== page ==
Samuel Johnson John ObieDr. Samuel  Johnson (1709-1784) 


Once again, may I recommend that the reader listen to the following piece of music while reading about Doctor Johnson & James Boswell: The Trip to Scotland.

The  music  is  The Scotland Suite, which is played and written by Harvey Reid




Walking up the High Street by Thomas Rowlandson

On Saturday the 14th of August 1773 late in the Evening I received a Note from him that he was arrived at Boyd’s Inn at the head of the Cannon-gate, I went to him directly. He embraced me cordially, and I exulted in the thought that I now had him actually in Caledonia.

Written by James Boswell on learning of the arrival of Doctor Johnson in Scotland


In 1771, Thomas Pennant (1726-1798) published his detailed and lengthy book, A Tour in Scotland in 1769.  Doctor Johnson was impressed by it and said of the author that he was the best traveler I ever read and noted that he observes more things than anyone else does.

scotland-northMap of The Highlands & Central Lowlands of Scotland

The English had become fascinated with Scotland and things Scottish and Doctor Johnson wanted to visit the Country in order to write his own  Travel Narrative

Things Scottish CollageThings Scottish


A Haggis is a savoury pudding containing sheep’s Pluck (also known as Offal, which consists of a mixture of heart, liver and lungs).  The meat is minced with onion, oatmeal, suet, spices, and salt, and mixed with stock.  Traditionally the mixture is encased in the animal’s stomach, however, today, it is more often cooked in an artificial casing.

Although many readers will be revolted by the Haggis, may I say it is a tasty dish and needs to be tasted before dismissing.


Scotland was still viewed as a somewhat wild place at the time of Doctor Johnson’s visit where Pirates and Slave Ships could be found visiting its coast.  The Western Islands were sparsely populated and had already gained the reputation of being a romantic place.

Slave-ship TurnerThe Slave Ship,  originally  titled  Slavers  Throwing overboard the Dead and Dying—Typhon coming on and painted in 1840 by J.M.W. Turner (1775-1851)


Doctor Johnson was no traveler and spent most of his adult life in London.  It was not until 1771 that he traveled for the first time.  Therefore it may seem odd to the reader that he chose, during the late summer and autumn of 1773, to go to Scotland and travel by carriage where possible, and by horseback and boat when it was not, in order to journey through the Western Islands (The Hebrides) to fulfill his aim in writing a  Travel Narrative. 

The Hebrides CollageMap of The Western Islands (The Hebrides) of Scotland: Left, Outer Hebrides; Right, Inner Hebrides

Samuel Johnson wrote:

On the eighteenth of August we left Edinburgh, a city too well known to admit description, and directed our course northward, along the eastern coast of Scotland, accompanied the first day by another gentleman, who could stay with us only long enough to shew us how much we lost at separation.


Doctor Johnson set off on a tour of the Western Islands in the company of James Boswell on the 18th August, 1773 and was to last eighty-three-days.


Dr. J. in Scotland

It is of interest to note that the Genre Painter and Caricaturist, Samuel Collings (died 1795) received a commission from the publisher, E. Jackson, to imagine scenes of the journey made by Doctor Johnson and James Boswell through The Western Islands of Scotland.

The result of the commission was that a number of humorous illustrations were produced, which were then etched by Thomas Rowlandson (1756-1827).

Over twenty of these illustrations were given to Princeton University as a gift by Dickson Q. Brown, a member of The Class of 1895, and some appear on the Null-Entropy website.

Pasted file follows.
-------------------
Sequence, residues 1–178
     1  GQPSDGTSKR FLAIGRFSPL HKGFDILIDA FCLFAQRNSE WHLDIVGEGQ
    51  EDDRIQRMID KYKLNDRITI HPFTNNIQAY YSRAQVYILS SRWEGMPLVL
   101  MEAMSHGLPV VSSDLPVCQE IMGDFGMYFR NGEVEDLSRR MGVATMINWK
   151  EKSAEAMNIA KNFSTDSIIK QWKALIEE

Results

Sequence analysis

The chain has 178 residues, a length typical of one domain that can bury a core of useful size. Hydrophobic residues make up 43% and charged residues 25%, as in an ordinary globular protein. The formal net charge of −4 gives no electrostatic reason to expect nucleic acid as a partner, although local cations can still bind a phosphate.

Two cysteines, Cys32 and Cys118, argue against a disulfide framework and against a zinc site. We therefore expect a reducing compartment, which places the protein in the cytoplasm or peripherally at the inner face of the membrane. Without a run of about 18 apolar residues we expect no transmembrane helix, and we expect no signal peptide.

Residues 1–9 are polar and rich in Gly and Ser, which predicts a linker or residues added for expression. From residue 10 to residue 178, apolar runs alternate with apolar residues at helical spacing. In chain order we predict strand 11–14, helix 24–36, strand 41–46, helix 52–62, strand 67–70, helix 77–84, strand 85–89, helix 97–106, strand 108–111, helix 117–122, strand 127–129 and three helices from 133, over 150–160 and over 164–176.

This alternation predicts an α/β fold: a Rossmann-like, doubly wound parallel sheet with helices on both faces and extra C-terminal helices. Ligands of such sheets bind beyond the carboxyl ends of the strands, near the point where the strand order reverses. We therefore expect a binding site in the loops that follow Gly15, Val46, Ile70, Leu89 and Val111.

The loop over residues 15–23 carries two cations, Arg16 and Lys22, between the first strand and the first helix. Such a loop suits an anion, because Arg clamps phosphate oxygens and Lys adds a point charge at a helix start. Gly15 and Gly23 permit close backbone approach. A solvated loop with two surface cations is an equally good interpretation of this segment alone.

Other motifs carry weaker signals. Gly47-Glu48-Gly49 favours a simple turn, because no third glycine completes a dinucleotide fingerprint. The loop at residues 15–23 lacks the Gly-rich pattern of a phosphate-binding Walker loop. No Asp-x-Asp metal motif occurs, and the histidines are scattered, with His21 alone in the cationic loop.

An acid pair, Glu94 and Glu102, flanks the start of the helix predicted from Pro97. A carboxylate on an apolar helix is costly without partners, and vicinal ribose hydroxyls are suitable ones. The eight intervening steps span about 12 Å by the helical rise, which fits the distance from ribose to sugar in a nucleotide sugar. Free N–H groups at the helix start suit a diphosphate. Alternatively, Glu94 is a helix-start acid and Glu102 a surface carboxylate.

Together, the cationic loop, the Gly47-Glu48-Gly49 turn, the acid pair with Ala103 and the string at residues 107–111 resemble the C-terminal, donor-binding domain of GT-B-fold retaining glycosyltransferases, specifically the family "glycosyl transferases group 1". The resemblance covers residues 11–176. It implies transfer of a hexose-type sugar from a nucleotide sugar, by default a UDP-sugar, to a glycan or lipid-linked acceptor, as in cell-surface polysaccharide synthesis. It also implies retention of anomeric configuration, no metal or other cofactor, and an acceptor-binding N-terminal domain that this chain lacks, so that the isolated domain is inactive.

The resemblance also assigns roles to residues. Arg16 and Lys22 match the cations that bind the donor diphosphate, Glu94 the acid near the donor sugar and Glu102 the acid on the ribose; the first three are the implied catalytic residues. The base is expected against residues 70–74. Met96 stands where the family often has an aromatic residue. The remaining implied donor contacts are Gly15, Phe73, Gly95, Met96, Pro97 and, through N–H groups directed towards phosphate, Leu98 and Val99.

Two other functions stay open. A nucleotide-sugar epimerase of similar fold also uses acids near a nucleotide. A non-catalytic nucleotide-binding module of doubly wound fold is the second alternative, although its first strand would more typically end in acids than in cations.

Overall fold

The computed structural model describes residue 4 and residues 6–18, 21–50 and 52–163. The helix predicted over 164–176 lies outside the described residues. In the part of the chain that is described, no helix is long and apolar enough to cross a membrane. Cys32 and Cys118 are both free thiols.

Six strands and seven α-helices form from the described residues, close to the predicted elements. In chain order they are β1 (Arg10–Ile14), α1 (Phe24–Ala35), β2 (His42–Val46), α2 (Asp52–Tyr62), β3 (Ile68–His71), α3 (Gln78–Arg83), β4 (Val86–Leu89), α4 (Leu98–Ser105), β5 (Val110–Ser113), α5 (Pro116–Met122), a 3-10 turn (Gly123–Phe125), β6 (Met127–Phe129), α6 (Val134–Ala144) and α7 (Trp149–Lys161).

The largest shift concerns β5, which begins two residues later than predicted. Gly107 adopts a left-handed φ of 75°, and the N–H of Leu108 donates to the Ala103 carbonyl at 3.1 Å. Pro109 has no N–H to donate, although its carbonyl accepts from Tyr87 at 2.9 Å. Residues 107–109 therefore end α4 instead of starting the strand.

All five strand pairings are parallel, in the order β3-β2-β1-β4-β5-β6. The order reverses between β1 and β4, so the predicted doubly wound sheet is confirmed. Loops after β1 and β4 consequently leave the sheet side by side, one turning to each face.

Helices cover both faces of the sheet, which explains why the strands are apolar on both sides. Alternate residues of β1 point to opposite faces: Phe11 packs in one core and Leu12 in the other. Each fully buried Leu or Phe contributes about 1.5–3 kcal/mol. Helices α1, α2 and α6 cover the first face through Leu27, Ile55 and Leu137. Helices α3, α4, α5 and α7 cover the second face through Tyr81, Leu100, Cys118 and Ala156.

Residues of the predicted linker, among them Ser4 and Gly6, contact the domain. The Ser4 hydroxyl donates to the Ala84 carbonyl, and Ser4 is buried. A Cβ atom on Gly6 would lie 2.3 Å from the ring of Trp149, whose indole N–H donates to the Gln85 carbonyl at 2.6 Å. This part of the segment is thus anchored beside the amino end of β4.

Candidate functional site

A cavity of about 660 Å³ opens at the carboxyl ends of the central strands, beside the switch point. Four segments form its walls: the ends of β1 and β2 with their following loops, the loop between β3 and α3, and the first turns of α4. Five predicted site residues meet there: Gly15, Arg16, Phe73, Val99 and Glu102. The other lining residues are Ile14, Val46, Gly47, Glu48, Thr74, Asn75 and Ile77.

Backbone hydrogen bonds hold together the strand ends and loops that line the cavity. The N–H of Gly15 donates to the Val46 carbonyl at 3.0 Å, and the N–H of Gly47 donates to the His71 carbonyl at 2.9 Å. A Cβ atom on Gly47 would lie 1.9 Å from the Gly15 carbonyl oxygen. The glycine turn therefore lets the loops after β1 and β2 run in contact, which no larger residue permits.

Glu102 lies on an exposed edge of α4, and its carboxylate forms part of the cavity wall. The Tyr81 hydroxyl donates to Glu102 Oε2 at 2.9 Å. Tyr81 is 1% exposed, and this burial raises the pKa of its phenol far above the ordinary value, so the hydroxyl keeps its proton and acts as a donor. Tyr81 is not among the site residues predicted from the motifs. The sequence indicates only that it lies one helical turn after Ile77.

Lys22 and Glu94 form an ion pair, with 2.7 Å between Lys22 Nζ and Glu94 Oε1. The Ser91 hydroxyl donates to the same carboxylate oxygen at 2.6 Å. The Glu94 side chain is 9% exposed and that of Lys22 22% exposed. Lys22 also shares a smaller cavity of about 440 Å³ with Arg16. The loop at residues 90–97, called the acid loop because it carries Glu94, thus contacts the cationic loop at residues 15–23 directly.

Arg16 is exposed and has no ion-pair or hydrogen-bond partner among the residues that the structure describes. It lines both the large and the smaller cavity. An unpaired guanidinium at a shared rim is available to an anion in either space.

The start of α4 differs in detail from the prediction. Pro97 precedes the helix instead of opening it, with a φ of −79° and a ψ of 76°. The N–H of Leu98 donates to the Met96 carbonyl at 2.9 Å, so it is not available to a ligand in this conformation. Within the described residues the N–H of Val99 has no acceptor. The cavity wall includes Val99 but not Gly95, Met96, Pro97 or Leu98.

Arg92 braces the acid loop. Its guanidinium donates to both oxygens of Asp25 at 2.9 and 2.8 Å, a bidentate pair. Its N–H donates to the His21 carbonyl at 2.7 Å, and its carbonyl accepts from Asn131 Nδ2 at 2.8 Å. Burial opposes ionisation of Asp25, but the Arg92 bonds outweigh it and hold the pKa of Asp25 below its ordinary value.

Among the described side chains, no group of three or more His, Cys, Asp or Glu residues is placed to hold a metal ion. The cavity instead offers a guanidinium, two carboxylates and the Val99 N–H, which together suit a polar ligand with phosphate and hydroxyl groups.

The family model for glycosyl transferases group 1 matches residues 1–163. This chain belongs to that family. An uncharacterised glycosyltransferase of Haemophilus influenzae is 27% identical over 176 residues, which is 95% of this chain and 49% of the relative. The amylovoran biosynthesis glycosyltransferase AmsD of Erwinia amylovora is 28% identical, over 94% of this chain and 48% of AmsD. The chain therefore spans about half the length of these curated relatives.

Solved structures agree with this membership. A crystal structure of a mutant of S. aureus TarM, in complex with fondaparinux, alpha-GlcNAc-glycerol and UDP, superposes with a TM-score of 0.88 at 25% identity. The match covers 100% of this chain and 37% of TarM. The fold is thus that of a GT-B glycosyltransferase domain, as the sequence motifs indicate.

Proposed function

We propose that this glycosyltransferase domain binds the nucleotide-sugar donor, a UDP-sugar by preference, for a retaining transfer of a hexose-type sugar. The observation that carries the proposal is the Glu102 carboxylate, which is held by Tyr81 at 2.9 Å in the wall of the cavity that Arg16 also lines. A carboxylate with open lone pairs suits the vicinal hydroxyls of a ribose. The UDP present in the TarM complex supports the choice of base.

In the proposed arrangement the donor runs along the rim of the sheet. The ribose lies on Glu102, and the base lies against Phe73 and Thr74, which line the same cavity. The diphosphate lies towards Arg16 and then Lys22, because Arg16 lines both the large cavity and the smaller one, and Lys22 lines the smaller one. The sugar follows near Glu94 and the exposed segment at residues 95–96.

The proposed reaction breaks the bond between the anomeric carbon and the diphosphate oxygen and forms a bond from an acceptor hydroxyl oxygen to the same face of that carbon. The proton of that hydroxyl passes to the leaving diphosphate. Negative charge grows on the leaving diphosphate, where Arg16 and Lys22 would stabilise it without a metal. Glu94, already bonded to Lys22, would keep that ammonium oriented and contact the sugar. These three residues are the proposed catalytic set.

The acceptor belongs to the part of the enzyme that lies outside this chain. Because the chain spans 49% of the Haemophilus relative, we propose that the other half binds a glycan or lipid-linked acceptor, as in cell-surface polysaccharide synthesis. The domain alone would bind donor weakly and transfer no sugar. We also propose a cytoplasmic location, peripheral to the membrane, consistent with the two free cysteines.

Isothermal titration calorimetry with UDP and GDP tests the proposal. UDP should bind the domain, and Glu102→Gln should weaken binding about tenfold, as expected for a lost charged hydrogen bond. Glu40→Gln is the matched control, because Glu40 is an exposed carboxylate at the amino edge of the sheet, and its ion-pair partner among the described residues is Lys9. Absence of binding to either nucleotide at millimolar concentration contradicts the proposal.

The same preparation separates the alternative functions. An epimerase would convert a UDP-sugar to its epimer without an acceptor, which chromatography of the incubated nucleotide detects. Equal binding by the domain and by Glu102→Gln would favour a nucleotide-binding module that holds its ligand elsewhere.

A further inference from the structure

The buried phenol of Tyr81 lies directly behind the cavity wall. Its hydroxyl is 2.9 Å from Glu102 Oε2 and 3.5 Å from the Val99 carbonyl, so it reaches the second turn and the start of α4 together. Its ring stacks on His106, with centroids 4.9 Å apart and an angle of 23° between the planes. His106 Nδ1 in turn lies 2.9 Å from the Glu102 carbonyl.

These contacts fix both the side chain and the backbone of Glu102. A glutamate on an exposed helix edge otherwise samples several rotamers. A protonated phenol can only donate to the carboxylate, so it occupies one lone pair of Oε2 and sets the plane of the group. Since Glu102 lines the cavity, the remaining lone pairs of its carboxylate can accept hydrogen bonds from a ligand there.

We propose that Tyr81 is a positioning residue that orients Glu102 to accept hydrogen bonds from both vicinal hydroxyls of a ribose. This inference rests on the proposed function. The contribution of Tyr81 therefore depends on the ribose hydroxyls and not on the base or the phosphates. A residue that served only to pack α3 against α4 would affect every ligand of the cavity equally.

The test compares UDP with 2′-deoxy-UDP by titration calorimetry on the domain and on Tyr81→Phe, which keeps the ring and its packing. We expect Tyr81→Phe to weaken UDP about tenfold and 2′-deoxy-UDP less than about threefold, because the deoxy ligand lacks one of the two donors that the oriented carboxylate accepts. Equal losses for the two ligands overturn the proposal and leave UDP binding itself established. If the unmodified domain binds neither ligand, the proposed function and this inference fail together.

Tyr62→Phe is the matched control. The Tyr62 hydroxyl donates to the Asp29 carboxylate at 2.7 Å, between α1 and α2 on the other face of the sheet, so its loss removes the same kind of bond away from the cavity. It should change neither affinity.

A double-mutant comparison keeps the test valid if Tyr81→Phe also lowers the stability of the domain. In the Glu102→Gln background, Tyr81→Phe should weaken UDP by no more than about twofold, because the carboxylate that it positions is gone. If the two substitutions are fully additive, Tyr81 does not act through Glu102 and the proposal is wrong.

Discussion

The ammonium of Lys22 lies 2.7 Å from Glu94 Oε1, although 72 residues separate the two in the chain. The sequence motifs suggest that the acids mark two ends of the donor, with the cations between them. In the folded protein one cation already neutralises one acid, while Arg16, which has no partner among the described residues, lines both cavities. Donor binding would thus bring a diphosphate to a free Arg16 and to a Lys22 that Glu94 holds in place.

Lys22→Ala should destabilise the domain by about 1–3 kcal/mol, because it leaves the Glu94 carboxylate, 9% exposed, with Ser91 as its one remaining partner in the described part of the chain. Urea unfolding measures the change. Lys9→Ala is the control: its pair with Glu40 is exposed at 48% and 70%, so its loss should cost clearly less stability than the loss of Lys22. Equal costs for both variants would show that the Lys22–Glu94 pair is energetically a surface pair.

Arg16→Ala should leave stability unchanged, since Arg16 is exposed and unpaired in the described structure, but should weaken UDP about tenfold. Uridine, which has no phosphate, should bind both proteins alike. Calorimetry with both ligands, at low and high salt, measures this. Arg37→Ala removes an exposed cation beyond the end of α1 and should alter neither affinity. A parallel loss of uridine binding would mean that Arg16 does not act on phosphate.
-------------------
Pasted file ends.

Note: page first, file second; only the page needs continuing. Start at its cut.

6_4_VolLV_Plate_JohnsonsHut red.This illustration appeared in the Gentleman’s Magazine: and Historical Chronicle, Vol XLV, London: Printed at St. John’s Gate, for D. Henry, and sold by F. Newbery, 1775. de Beer Eb 1731 G; reproduced here from Null Entropy: The Journey of Doctor Johnson and James Boswell (January 2012)


Doctor Johnson’s aim in visiting this part of the British Isles was to identify, study and discuss the social problems and struggles of the people.  It was his hope to find examples of the primitive and the wild and comment.

Although most of the accoutrements of modern life had not, as of yet, encroached on its society, he observed that the Country was in the midst of change and felt that perhaps his visit had come too late to observe fully the land, its people and their culture in their purest form.

Doctor Johnson found that bartering was still part of daily life in some of the Islands, as money had not yet replaced the traditional in personal trading.  Roads were few or none at all, as was the case on the Isle of SkyeThis resulted in his having to continue part of his journey on horseback, which caused the traveling of short distances to take several hours.

He also found that the Wearing of Tartan and speaking the Gaelic Language to be currently outlawed.  Despite the prohibitions, he did see some dressed in Tartan and playing the Bagpipesas well as being able to sample a variety of Whiskys.

1024px-Scotch_whiskiesA Variety of Scotch Whiskys 



Flag_of_Scotland_(navy_blue).svgThe Flag of Scotland; The Cross of Saint Andrew

Saint Andrew, also known as Andrew the Apostle, is the Patron Saint of Scotland; he was the brother of Simon Peter (Saint Peter) and a fisherman before becoming a Disciple and one of the Twelve Apostles chosen by Jesus Christ.  Saint Andrew was martyred by Crucifixion on a Cross of the form called Crux decussata, which is an X-shaped Cross (known now as Saint Andrew’s Cross; also known as the Saltire).   Crucifixion in such a manner was apparently at his own request, since he felt that he was unworthy to be crucified in the same manner as Jesus Christ.


Queen AnneQueen Anne

When Queen Anne (1665-1714) died, she had no surviving children, which signaled the end of the Reign of the House of Stuart As a result of the Act of Settlement, 1701the Crown passed to her second cousin, George I of the House of Hanover.  This situation did not sit well with the remaining members of the House of Stuart.

George IGeorge I


Charles Edward Louis John Casimir Sylvester Severino Maria Stuart (1720–1788) was the eldest son of James Francis Edward Stuart and grandson of James VII of Scotland and James II of England and who was Catholic.  He was also well known by a variety of names including The Young Pretender, The Young Chevalier and Bonnie Prince Charlie.

charles-edward-stewartCharles Edward Stuart, The Young Chevalier   

In view of his parentage, Charles Edward Stuart lay claim to the thrones of Scotland and England and led the unsuccessful Jacobite Uprising of 1745, which he had hoped would restore the thrones to his family.


Culloden_BattleBattle Lines of Culloden